Swaps market legislation to clarify global reach of Dodd-Frank Act
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WASHINGTON, March 28, 2012- Financial institution leaders supported legislation to clarify the reach of the Dodd-Frank Act today during the House Agriculture Subcommittee on General Farm Commodities and Risk hearing.
“This legislation will make it clear that Congress never intended for the CFTC to police the entire global swaps market," said Chairman K. Michael Conaway, R-Texas.
The subcommittee reviewed three pieces of legislation regarding the Dodd-Frank Wall Street Reform and Consumer Protection Act during the hearing:
H.R. 3283, the Swap Jurisdiction Certainty Act would limit the extraterritorial scope of Title VII by providing a clear definition of U.S. person and non-U.S. person, and limit the application of Dodd-Frank to those activities that occur in the U.S, as Congress intended.
H.R. 1838 would modify Section 716 of the Dodd-Frank Act to ensure that the requirement for banks to "push out" certain swaps activities to separate affiliates does not increase risk to the system or drive up the costs of risk management tools for farmers and ranchers.
H.R. 4235, the Swap Data Repository & Clearinghouse Indemnification Correction Act of 2012 removes the indemnification provisions from sections 728 and 763 of the Dodd-Frank Act, and makes certain that U.S. and foreign regulators can share swaps data to increase market transparency and monitor for systemic risk. It is also referred to as The Swap Data Information Sharing Act.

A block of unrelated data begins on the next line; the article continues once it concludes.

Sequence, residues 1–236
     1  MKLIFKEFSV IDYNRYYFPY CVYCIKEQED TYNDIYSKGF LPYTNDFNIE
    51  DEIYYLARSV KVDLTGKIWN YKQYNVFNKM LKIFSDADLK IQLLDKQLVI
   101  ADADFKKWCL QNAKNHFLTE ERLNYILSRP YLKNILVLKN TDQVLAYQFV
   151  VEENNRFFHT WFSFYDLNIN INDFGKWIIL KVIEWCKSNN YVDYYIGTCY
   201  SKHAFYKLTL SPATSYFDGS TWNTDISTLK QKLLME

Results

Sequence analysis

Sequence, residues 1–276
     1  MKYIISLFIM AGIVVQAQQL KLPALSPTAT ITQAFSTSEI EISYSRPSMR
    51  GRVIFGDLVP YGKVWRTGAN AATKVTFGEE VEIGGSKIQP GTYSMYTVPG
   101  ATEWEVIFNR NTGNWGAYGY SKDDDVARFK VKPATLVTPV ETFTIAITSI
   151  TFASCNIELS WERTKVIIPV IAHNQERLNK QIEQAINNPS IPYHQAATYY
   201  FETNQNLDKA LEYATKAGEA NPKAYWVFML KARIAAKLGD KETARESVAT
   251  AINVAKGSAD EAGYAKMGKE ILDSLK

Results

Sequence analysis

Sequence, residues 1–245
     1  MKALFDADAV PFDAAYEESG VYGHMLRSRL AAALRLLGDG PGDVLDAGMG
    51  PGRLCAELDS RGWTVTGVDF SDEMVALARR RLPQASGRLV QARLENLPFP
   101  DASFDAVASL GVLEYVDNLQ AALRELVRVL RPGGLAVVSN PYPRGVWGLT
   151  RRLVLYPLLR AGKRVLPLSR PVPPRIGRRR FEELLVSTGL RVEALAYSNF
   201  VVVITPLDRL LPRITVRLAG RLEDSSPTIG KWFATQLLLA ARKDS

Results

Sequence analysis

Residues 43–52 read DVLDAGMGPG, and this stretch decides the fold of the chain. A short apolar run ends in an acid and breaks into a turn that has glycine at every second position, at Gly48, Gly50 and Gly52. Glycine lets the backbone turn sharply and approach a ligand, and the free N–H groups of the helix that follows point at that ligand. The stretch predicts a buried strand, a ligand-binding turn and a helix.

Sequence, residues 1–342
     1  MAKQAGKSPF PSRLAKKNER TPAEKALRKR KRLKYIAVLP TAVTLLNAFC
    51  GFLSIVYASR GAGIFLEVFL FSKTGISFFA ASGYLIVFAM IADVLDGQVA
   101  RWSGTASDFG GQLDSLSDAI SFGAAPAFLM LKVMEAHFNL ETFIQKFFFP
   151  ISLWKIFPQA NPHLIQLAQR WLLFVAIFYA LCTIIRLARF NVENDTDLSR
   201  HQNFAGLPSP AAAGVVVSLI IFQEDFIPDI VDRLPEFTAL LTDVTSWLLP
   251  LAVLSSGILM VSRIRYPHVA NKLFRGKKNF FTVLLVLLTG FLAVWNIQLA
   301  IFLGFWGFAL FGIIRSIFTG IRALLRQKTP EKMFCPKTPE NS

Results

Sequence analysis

The Swap Jurisdiction Certainty Act, H.R. 3283, would bring much-needed certainty to the question of the regulatory reach of Title VII of Dodd-Frank outside the U.S., said the Institute of International Bankers representative, Keith Bailey. He said H.R. 3283 would clarify Title VII by defining U.S. person and non-U.S. person and clarifies the reach of Dodd-Frank requirements on international transactions.
“H.R. 3283 is an important step forward to defining what transactions and participants are subject to Dodd/Frank,” said Intercontinental Exchange, Inc. (ICE) Chief Operation Officer, Charles Vice before the Subcommittee.
“While the CFTC and SEC have issued dozens of proposed and final regulations implementing the Dodd-Frank Act, to date, neither agency has defined what activity has a direct and significant impact on the United States. In particular, many of the CFTC's final rules require ICE to come into compliance without ICE knowing whether our business is within the scope of Dodd/Frank,” Vice said.
The Depository Trust and Clearing Corporation Chief Operating Officer, Michael Bodson, told the Subcommittee that passage of the The Swap Data Information Sharing Act (H.R. 4235) is critical to prevent fragmentation of swaps data, “which could undermine the ability of regulators to obtain a comprehensive view of market data and frustrate market surveillance and oversight.”
“This bill would send a strong message to the international community that the United States is strongly committed to global data sharing and determined to avoid fragmenting the current global data set for OTC derivatives,” Bodson said.
All three pieces of legislation demonstrate clarifications to the Dodd-Frank Act without undermining the “spirit” of the law to bring reforms to Wall Street, said Rep. Bobby Scott (D-Va.).
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